Today (June sixth) marks the seventy-third anniversary of D-Day, a day when Allied forces stormed the beaches in Normandy, France as part of a massive World War II military offensive against the Axis powers.
Among the most significant aspects of this operation, and all of World War II, were the partnerships that this war created. Even the name Allies means friends or partners, and this partnership was instrumental in beating the Axis powers and winning the war.
On a smaller but no less important scale, alliances help us in our day-to-day lives. They help us lead more productive and happier lives. Alliances can help us recover from drug and alcohol abuse.
Trying to quit drugs and alcohol alone is possible, yet very difficult and very rare. It’s also difficult to stay sober by yourself. But if you think about it, this makes sense. Addiction is a disease. You need doctors and medical professionals to treat diseases. Even doctors themselves have their own doctors to treat their own ailments.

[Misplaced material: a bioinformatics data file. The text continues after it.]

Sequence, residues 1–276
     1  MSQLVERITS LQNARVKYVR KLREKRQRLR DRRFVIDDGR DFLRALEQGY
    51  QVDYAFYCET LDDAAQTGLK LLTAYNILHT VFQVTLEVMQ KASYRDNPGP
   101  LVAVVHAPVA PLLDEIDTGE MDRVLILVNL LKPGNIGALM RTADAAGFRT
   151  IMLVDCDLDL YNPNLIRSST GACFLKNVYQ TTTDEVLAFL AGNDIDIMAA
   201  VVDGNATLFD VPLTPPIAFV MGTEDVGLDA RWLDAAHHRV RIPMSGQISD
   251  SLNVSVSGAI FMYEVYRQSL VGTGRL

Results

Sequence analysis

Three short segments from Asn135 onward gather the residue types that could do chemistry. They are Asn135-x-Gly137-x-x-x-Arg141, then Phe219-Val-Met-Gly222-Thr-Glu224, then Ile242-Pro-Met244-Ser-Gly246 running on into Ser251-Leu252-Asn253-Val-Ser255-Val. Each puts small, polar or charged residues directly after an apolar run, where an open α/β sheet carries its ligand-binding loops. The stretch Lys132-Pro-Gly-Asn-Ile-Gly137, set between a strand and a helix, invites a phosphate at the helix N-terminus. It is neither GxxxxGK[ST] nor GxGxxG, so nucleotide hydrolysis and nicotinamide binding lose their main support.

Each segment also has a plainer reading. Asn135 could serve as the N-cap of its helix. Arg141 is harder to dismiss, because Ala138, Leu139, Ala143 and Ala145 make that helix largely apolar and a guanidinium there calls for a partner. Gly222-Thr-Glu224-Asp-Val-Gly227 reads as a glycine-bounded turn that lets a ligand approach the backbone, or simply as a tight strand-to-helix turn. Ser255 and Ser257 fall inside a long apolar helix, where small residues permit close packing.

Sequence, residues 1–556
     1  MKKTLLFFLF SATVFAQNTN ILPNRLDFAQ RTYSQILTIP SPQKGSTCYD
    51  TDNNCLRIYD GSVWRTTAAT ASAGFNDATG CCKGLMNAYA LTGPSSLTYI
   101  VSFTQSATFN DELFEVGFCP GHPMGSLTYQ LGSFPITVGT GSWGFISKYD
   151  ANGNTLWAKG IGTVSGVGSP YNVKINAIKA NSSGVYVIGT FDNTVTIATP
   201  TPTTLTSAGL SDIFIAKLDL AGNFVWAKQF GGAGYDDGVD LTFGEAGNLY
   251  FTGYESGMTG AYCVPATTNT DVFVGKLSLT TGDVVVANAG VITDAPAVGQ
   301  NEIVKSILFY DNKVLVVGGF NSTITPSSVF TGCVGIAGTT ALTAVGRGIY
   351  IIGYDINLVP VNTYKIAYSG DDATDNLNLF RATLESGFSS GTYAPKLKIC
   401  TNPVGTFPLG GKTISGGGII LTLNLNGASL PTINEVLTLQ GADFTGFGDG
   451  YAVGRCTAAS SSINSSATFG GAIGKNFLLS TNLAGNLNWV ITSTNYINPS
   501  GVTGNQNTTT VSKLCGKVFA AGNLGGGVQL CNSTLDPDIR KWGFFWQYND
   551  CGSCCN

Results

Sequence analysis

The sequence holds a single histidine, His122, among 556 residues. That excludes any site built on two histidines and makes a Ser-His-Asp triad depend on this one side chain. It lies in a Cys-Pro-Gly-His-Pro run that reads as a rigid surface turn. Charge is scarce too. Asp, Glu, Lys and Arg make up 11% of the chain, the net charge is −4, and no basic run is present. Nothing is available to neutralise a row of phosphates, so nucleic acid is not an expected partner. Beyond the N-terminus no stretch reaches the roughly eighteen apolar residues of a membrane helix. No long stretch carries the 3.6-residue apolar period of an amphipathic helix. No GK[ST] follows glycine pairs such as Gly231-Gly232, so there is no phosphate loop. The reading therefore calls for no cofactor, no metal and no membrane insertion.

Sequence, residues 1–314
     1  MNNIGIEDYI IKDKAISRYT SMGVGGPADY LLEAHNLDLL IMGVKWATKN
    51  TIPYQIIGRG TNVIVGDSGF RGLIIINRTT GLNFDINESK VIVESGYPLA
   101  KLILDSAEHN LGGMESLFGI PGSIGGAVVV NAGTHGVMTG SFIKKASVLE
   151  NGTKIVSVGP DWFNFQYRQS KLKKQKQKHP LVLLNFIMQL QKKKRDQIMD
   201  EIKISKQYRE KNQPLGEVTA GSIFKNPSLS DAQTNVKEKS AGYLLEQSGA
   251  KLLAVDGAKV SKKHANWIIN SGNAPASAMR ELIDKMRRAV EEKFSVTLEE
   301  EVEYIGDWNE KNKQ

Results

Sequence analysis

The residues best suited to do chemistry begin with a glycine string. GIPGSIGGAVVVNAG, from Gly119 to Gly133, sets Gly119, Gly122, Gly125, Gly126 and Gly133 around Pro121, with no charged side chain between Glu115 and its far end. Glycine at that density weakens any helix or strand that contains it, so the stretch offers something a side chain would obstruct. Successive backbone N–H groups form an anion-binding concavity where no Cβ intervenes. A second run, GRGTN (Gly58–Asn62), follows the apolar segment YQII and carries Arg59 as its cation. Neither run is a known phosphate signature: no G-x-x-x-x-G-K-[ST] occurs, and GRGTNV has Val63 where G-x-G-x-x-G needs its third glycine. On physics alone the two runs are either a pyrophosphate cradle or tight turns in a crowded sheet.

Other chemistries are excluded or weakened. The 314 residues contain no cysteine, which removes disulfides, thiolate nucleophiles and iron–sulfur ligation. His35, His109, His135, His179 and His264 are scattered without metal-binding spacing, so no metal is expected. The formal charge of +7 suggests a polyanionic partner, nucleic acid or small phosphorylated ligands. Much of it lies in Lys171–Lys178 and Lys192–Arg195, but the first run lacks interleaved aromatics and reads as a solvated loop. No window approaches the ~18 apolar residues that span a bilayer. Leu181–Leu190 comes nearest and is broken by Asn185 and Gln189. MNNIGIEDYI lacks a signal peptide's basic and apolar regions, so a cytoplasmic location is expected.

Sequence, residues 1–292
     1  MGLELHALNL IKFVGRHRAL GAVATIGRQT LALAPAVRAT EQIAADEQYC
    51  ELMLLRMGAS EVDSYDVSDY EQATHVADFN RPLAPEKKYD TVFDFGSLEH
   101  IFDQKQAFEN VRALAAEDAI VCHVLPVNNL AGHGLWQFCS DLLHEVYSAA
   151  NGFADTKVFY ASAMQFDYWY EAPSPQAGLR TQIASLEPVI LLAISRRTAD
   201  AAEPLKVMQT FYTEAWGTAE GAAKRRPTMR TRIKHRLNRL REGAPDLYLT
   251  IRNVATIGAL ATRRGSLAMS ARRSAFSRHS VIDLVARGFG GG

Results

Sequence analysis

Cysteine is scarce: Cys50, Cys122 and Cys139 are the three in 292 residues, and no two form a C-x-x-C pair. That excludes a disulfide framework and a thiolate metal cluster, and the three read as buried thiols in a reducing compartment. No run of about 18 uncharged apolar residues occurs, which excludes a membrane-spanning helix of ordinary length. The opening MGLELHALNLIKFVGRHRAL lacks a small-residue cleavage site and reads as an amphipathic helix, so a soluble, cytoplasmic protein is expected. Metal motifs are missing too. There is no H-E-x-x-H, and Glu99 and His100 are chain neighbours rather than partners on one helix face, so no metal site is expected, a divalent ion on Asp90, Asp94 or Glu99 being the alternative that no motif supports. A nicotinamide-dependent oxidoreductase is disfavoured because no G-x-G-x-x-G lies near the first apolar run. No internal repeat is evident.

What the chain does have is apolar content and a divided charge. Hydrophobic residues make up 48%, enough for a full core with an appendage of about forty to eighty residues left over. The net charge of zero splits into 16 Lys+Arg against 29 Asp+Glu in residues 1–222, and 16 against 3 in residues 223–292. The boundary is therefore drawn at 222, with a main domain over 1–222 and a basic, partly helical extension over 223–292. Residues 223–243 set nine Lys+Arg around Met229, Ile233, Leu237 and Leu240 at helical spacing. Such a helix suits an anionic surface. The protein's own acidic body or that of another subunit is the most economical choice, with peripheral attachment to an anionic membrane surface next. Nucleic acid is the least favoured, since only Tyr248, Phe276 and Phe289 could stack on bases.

Employing the skills of other people can also help you treat the psychological components of addiction. After all, if we’re addicted, we’re experiencing altered states of mind. Therapists can help us explore our states of mind. They can work with us to develop new ways to think and to approach issues in our lives, approaches that don’t involve drugs or alcohol.
Therapists and other professionals can give us the outside perspective that we might not be able to consider when we’re in the throes of an addiction. What may be obvious to everyone else might not be obvious to us, but therapists can guide us to places where we can see these issues and deal with them.
Addiction, like D-Day, is a battle. Enlisted reliable help can help you win the battle and effectively fight in the war.